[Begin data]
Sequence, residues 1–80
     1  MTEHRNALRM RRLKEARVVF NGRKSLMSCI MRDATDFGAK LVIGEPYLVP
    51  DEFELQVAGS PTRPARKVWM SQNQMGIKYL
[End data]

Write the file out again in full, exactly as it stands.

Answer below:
Sequence, residues 1–80
     1  MTEHRNALRM RRLKEARVVF NGRKSLMSCI MRDATDFGAK LVIGEPYLVP
    51  DEFELQVAGS PTRPARKVWM SQNQMGIKYL